Some of the world’s largest tech manufacturers have temporarily shuttered operations in China amid government lock downs in multiple provinces and cities meant to stem the spread of a COVID-19 outbreak.
As part of its zero-tolerance goal to suppress COVID-19’s spread, the Chinese government ordered lockdowns in several places, including Shanghai and Shenzhen, a major container port and tech hub. Residents in cities under lockdown can only leave their homes for essential reasons.
Foxconn, the world’s biggest contract electronics manufacturer and Apple’s largest iPhone supplier, said in a statement today it will suspend production at its Longhua and Guanlan factories in Shenzhen. Those factories will remain closed “until further notice from the local government.
“Due to our diversified production sites in China, we have adjusted the production line to minimize the potential impact,” the company said in a statement provided to “China Daily.”
China is in the midst of its largest coronavirus surge since the start of the pandemic due to an arrival of the Omicron variant. The lockdown in Shenzhen is scheduled to last six days.
“[Shenzhen] is like the Silicon Valley of China where there are many tech suppliers for other tech giants as well,” said Alla Valente, a senior analyst for research firm Forrester. “This is another setback for supply chains.”
Along with Foxconn, about 30 Taiwanese companies announced production stoppages at factories in the Shenzhen, which is located along the northern border of Hong Kong. Those manufacturers make everything from circuit boards to touchscreen modules.
Along with being a major tech manufacturing center, Shenzhen is a base of operations for major companies such as Huawei, Oppo, Tencent, and TCL. The shutdowns are likely to exacerbate an already hobbled global supply chain struggling with an ongoing semi-conductor chip shortage and container ship bottlenecks.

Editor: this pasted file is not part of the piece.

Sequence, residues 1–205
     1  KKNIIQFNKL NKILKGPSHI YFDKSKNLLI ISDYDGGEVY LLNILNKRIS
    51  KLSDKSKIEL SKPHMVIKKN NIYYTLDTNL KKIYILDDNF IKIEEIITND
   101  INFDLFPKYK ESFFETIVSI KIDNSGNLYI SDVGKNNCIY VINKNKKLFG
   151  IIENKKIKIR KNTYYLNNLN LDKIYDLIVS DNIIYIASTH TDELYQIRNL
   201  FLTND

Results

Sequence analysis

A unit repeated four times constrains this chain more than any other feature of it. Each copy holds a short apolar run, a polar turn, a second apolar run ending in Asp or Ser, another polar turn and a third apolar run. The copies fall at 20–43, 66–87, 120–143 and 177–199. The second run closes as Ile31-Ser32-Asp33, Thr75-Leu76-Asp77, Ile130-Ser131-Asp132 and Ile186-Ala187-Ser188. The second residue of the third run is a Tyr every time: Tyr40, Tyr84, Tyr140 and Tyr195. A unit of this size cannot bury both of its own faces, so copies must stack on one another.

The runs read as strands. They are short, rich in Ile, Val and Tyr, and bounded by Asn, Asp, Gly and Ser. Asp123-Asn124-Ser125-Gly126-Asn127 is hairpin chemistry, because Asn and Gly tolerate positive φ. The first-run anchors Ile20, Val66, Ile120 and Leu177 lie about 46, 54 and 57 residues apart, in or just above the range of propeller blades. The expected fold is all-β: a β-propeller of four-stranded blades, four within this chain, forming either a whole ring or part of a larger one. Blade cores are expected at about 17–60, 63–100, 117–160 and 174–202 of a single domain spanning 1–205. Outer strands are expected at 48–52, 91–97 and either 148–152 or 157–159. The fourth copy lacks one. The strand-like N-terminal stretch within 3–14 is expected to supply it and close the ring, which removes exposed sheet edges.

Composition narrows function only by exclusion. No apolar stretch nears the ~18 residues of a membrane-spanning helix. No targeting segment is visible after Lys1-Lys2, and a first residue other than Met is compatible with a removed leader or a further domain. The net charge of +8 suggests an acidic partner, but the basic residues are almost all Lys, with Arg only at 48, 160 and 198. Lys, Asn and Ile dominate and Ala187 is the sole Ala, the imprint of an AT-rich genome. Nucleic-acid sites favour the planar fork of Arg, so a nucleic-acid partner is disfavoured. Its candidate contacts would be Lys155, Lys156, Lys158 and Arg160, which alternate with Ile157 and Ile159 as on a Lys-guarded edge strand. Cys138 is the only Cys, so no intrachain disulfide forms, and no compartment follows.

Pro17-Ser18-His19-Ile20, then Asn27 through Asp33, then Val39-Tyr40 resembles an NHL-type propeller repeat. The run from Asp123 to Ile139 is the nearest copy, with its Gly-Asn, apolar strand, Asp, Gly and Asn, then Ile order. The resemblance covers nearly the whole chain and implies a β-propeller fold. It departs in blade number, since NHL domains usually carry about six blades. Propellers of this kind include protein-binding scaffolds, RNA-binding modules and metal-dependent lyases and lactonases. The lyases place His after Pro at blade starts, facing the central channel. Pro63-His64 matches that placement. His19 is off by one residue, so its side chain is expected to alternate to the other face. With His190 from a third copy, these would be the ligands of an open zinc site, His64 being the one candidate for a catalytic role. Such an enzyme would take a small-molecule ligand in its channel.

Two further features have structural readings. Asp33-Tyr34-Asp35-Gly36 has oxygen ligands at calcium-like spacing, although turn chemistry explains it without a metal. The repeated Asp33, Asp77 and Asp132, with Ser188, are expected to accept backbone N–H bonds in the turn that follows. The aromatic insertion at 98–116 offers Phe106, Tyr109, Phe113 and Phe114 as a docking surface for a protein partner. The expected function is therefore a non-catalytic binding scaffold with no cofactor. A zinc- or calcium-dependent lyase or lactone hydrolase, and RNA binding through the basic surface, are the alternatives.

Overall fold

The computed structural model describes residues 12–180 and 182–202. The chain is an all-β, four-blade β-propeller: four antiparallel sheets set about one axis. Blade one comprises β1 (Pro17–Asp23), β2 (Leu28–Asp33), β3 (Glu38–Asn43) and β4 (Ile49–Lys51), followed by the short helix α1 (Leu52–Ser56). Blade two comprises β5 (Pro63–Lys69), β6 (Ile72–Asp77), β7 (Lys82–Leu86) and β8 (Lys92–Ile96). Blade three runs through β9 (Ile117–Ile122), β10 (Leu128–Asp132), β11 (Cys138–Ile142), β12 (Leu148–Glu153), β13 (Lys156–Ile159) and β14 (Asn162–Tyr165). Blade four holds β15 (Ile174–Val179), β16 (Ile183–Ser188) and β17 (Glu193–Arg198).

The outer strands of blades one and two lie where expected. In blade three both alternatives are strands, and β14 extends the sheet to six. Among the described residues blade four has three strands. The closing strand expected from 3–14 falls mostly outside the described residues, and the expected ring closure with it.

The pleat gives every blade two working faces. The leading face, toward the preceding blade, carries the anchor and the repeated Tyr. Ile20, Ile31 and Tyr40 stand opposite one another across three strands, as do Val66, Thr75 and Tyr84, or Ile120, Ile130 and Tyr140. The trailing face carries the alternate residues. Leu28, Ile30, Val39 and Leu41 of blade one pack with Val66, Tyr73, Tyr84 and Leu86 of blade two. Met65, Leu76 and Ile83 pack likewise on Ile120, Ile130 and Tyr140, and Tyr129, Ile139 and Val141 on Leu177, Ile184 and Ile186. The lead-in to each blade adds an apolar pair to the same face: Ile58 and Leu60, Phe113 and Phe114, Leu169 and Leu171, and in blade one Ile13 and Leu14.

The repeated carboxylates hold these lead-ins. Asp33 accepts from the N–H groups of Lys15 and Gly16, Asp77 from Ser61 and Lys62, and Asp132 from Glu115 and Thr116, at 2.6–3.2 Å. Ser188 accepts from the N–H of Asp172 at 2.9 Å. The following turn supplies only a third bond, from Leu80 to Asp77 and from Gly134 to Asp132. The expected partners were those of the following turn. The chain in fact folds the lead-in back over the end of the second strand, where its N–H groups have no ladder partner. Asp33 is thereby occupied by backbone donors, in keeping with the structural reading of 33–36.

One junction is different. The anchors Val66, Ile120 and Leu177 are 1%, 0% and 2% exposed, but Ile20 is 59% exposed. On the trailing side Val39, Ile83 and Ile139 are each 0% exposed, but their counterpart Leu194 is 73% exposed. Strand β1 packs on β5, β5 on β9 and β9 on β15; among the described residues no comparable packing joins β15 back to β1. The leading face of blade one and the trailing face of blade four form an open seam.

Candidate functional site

For Apple, the Foxconn production suspension comes at a particularly bad time; the company just last week announced a number of products, ranging from a new Mac Studio desktop and display, a new iPhone SE, iPad Air, and new iPhone 13 and iPhone 13 Pro colors. The Shenzhen plants also produce the iPhone 13 models.
“Given that supply is already constrained, even at Apple…, shutdowns are never a good thing,” said Jack Gold, principal analyst at research firm J. Gold Associates. “It depends on how long the plants remain shut down to know if there will be mild or severe disruptions in the supply of products.”
There is already a move by many tech companies to diversify outside of China. For example, Intel has announced it is building new chip foundries in Ohio and Arizona.
The concentration of manufacturing in one country is problematic for many reasons — political and physical (e.g., storms, power disruptions, pandemics), according to Gold. But it’s also not so easy to just pick up and move production.
“It takes time to do so — finding contractors, establishing production facilities, getting up to speed on products, extending the supply chain to new factories, etc. So, while there is a move on to do this, the bulk of manufacturing will remain at Foxconn for some time,” Gold said.
This is not the first time China has locked down cities due to COVID-19, hampering technology production. In February 2020, China locked down dozens of cities, including Shenzhen, in response to the initial outbreak. In March 2020, the country again locked down certain cities to stem the spread of the virus.
The current situation, however, is dramatically different than those earlier lockdowns because much of the rest of the world was also suspending its manufacturing operations amid the pandemic.
“Where we are now is quite different. Many parts of world are re-opened,” Valente said. “Consumers are spending as much, if not more, than they did pre-pandemic — not to mention we’ve been struggling with supply chain fragility issues for coming on two years now.”
With companies now allowing employees to work from home, personal desktops and laptops, cameras for video conferencing and communications technology are all at a premium.
The Port of Shenzhen, located on the Pearl River estuary, is the world’s fourth busiest container port. In May 2021, the port announced it wouldn’t accept new export containers because of a COVID-19 outbreak. The head of container shipping giant Maersk said at the time the port shutdown was worse than a vessel that had run aground in the Suez Canal in March, blocking shipments for six days.
“This lockdown is just adding to the length of time it takes for supply chains to recover. They’re already impacted by the war in Ukraine…, climate change, and severe weather. So many things are impacting it,” Valente said. “The camel’s back is already broken; it’s just a matter of time how long it takes for the camel to recover.”
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